By Saieed Khalil
In a time of so much hatred, racism and xenophobia, love is a light we should let in.
“Gay Pride was not born of a need to celebrate being gay, but our right to exist without persecution. So instead of wondering why there isn’t a straight pride movement, be thankful you don’t need one.” In 2014, US President Barack Obama designated June as LGBT Pride Month with June being chosen in recognition of the June 1969 Stonewall riots in Manhattan that marked a tipping point in the struggle for gay rights here in the US.
In June 2015, the US Supreme Court ruled that the freedom of gays to marry is a nationwide right. In June 2016, a lone gunman massacred 50 people at an LGBT nightclub in Orlando, an attack being recognized as the worst mass shooting in US history. With every milestone, there is a setback that reminds LGBT folk, their supporters and advocates that the struggle for equality is far from over, and for every country that makes strides towards LGBT equality, there are multitudes moving in the opposite direction .
The attitudes towards the LGBT community were born of and nurtured by a confluence of cultural, religious, imperial and political currents flowing over generations. These attitudes assign an “otherness” to people based on their actual or perceived sexual preferences. Thinking back on it, I realize I have grown up among many gay and bisexual individuals. Although I’d come to learn of their preferences as I got older, these people – neighbors, close friends, family – were extremely ordinary, well adjusted, integrated, functional members of society with nothing to set them apart from the “rest” of the populace, aside from what society’s attitudes towards them would have been, had it been known what their preferences included. When it comes to LGBT attitudes, Guyana is no Iran, where gay folk can be and are hanged for, well, being who they are. Our country does show uncanny tolerance towards its gay celebrities and entertainers, who draw loyal and diverse audiences. Still, there remains on the books, laws criminalizing sodomy, as well as to some extent, cross dressing . In addition to what is there legislatively, what is not there are protections barring discrimination, on the basis of sexual orientation, against LGBT people seeking employment, education, housing and healthcare.
As harmful as lack of legislative protection is, changing the laws alone will never be enough as negative attitudes towards LGBT people are especially painful particularly LGBT youth. As a wily and brainy student at Queen’s College High School, I observed and, at times, endured rampant bullying based on the basis of perceived sexual orientation. There were slurs thrown verbally as well as spray painted on walls, attacks launched on Facebook and the social networking sites that preceded it, and even the occasional physical “roughing up”.
Rumors of being gay were also repulsive enough to school administration officials to cause students to lose out on prefect positions, and other opportunities. Adolescence is arguably the most formative period of a person’s life, where many perspectives are shaped. Grappling with the period of physical, emotional, intellectual and sexual turmoil is hard enough for a regular adolescent and harder so, for one facing stigmatization on the basis of his or her sexuality.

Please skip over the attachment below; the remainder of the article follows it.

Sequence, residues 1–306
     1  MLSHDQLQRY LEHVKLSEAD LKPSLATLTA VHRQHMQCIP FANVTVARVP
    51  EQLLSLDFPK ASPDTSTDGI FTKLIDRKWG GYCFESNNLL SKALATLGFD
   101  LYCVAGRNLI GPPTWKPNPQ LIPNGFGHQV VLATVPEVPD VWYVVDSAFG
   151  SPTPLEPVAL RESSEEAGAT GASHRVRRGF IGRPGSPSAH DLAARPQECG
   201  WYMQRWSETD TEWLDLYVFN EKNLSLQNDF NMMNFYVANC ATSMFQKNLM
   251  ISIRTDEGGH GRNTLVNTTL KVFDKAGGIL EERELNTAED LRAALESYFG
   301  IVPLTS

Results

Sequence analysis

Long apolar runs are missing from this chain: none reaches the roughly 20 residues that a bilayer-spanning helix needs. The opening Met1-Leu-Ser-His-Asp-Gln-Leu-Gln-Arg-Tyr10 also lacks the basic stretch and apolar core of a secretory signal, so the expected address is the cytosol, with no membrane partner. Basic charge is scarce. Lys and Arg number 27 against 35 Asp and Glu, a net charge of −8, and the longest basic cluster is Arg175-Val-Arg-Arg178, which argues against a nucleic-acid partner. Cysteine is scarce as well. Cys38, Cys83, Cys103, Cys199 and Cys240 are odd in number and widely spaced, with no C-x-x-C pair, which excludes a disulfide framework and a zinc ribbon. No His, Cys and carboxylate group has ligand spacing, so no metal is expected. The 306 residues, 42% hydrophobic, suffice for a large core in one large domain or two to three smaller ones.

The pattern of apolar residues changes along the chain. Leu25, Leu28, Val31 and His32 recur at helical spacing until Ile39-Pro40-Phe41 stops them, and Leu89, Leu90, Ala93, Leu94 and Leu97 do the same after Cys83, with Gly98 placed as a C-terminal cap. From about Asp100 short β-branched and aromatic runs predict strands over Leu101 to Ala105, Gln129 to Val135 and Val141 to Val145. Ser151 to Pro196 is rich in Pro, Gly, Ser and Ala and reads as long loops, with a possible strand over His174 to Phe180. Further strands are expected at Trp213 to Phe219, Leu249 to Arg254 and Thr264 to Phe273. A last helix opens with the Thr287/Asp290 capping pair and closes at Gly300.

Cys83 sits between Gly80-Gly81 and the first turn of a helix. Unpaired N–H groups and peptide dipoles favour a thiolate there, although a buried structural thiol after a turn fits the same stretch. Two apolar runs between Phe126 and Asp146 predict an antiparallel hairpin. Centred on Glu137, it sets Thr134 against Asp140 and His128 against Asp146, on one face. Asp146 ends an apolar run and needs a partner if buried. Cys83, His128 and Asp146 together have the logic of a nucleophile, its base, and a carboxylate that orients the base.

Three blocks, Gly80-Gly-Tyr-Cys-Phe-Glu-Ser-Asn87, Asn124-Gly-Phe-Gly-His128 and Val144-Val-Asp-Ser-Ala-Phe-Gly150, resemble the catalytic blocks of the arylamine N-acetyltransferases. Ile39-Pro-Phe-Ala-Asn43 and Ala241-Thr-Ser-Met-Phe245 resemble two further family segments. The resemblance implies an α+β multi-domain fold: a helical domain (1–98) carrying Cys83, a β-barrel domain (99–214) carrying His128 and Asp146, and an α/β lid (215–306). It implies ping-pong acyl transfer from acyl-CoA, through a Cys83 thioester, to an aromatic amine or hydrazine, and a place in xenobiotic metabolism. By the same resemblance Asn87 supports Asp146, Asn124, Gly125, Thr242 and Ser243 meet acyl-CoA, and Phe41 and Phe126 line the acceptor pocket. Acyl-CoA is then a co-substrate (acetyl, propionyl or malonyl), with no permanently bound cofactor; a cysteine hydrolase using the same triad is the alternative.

For LGBT youth, young adults and adults, the stigmatization hampers their ability to fulfill one of the most essential human needs: relationships. The backlash from work mates, schoolmates, and more critically, the families and communities is extremely severe. Dating becomes impossible, sly trysts become the norm. While straight couples can easily discuss boy or girl trouble over a few drinks at a bar, a gay guy or girl must be extremely cautious with the identity of his or her paramour, using code names, an encrypted messaging platform and every mode of secrecy that would rival the stealth of a CIA planning mission. A normal relationship becomes impossible, to the extent that LGBT people are often forced to resign themselves to socially acceptable, but emotionally unsatisfying heterosexual marriages or relationships. But, why do straight couples get to have a fair crack at a relationship, but not LGBT people? Relationships are hard enough, gay or straight, without the need to maintain ultra secrecy. Straight couples split up, get divorced, and descend into incidences of domestic violence, but there are no cultural norms discouraging straight people from getting together.
Given all that’s been written here so far, why should anyone besides LGBT citizens of Guyana worry? Because the consequences of LGBT discrimination are tangible and costly. The toll on the mental health of LGBT citizens reduces their productivity in an already sagging economy. It’s good to note that gays have been found to be more prone to financial and academic success, so to let their potential go untapped seems a waste. Moreover, attitudes against LGBT people overlap many of the stereotyping of gender roles that fuel violence against women. For instance, anachronistic notions of how men and women should behave are responsible for rapes and women battering going unpunished.
In a time of so much hatred, racism and xenophobia, love is a light we should let in. In a time, where immigrants are being dubbed rapists and terrorists, and entire faiths come under attack, it is not just to condemn one or two incidences of bigotry, because hatred against whomever is hatred, and love is love is love.
Who is Saieed?
Saieed Khalil is a New York based Guyanese starting his Masters in Economics at SUNY Albany in the Fall. And I am yet to decide whether he is one of the smartest or funniest people I know.